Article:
Kindo was designed as an exercise in constraints: an important part of every creative endeavor, which can take many forms. It’s a common misconception for people early in their creative careers to think that constraints work against us and our ability to come up with new ideas. While it’s true that having too many of them is likely to create an unpleasant and less creative environment, I find that having too much freedom also increases the risk of getting that famous creative block.
As Trey Speegle puts it:
“You have to set up the narrow parameters that you work in, and then within those, give yourself just enough room to be free and play.”
There’s also one quote from Getting Real, a book written by Basecamp co-founders, that I find interesting on the matter:
“Instead of freaking out about these constraints, embrace them. Let them guide you. Constraints drive innovation and force focus. Instead of trying to remove them, use them to your advantage.”
Indeed, constraints allow me to focus. They give my brain a framework within which to think, boundaries and landmarks in a world of infinite possibilities. If you learn how to work with and around them, they can become a very powerful tool and help you leverage your creativity.
Often, when I’m struggling with a design problem, I take a step back and look at the given constraints of the project. There are lots of them, taking many, many forms. The most obvious ones are time, money and skills.
But there are also technical constraints related to the platform you’re aiming to release your game on, or the game engine you’re using—although one could argue that you should not design "for" the engine, sometimes you don’t have this luxury.
There are demographic constraints depending on your target audience, their playing habits, their physical and cognitive abilities (also called "player skills"), etc. Take a step back and you’ll find a lot of different constraints.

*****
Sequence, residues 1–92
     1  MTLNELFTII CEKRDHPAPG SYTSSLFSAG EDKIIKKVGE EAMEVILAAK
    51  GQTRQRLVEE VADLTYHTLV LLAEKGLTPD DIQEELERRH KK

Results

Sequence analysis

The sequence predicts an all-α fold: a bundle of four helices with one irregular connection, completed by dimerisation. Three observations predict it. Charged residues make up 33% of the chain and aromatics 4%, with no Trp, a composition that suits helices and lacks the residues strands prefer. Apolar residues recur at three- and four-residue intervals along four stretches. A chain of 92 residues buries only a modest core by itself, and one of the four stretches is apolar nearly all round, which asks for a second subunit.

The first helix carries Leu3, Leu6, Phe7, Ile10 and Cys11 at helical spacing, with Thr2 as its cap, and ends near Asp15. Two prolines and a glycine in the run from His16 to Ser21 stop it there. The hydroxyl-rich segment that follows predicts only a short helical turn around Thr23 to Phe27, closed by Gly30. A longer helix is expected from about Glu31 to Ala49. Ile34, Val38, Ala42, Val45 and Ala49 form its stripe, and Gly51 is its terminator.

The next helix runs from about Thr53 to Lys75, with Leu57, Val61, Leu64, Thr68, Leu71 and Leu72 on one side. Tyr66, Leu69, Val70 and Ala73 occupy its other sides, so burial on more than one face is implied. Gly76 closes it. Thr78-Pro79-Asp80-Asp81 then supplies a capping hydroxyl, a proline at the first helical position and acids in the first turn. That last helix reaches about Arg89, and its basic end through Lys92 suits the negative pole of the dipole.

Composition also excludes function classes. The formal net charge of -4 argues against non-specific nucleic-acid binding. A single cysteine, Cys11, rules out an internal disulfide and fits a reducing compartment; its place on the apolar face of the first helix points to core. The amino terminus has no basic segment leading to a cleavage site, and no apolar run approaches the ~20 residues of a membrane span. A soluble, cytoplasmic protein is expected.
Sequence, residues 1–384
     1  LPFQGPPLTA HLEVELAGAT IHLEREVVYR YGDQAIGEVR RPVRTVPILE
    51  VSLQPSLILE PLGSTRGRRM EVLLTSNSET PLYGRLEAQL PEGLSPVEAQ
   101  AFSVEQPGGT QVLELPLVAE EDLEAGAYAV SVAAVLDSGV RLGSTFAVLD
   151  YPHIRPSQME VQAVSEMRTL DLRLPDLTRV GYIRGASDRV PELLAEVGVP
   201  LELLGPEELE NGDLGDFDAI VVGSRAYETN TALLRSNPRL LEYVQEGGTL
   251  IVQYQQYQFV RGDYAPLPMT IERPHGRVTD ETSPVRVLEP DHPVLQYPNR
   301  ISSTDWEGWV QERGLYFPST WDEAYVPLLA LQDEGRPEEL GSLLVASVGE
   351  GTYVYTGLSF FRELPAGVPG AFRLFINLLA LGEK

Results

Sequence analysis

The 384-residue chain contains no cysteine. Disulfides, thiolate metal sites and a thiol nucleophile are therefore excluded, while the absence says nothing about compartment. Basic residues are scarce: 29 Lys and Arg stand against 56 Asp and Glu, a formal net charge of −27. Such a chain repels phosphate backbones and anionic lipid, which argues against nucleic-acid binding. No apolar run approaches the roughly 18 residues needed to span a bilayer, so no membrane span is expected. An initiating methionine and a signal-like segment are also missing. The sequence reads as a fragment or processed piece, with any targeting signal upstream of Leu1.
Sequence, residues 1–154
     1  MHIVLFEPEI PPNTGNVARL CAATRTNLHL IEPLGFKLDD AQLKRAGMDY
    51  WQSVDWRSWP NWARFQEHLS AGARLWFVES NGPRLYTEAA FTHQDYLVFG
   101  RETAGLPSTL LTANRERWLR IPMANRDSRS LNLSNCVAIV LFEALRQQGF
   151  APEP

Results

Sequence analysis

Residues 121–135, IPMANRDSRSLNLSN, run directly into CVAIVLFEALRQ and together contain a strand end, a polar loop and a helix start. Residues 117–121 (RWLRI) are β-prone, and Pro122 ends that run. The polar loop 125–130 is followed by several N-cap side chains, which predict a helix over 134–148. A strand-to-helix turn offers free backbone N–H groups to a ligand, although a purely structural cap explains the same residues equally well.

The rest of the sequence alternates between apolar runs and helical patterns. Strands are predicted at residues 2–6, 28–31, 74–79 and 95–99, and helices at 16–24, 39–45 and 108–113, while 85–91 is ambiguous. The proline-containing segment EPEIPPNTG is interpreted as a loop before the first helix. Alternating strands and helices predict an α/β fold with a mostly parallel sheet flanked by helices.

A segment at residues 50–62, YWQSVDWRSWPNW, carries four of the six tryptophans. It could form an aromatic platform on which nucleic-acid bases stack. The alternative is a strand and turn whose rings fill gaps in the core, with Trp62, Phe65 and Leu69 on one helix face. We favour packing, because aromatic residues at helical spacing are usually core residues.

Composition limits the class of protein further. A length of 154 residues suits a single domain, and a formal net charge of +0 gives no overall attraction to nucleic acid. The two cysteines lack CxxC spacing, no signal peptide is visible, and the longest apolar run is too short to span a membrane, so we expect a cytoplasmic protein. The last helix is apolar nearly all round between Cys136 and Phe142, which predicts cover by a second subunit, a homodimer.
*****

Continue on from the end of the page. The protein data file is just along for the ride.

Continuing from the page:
I believe that it is one of the main reasons why game jams are so interesting. They usually give you very specific constraints, like a timeframe (a few hours, 2 days, a week, etc), theme, genre, aesthetic, platform, engine, demographic… Game jams are both fun and scary because they take you out of your comfort zone. That’s where clear constraints can help you stay on track.
Kindo started as an exercise similar to game jams. I set out to design a game by picking a set of constraints first.
First, I recalled myself as a kid, playing a lot of board games with my siblings, my parents and my grandparents. We had the usual suspects: Checkers, Chess, Reversi, Connect Four…
Connect Four and Checkers were super easy to pick up and play, and I always liked Reversi because of the turnarounds. You were constantly going back and forth in your quest of domination with your opponent. Pieces kept on flipping, and it was exhilarating. So I decided to work on an Abstract Strategy game which would use turnarounds as one of its core ideas.
Then, I remembered playing a hardcore shmup called E4 a few years ago. While it clearly isn’t the kind of game I would play with my parents, I loved the feeling of power the player experiences in this game. The goal is to use a single action at the right time (self-destructing your ship/character in a continuous flow of entities) to create long-lasting chain reactions and achieve the highest possible score. I had never used chain reactions in a game before and I thought that it could be a great mechanic to play with.
To sump up. the game which later would become Kindo was supposed to:
- meet the Abstract Strategy genre criteria
- allow turnarounds and chain reactions
Here’s how Wikipedia defines an Abstract Strategy game:
“a gameboard, card, or tile game in which there is no hidden information, no non-deterministic elements (such as shuffled cards or dice rolls), and (usually) two players or teams taking a finite number of alternating turns.”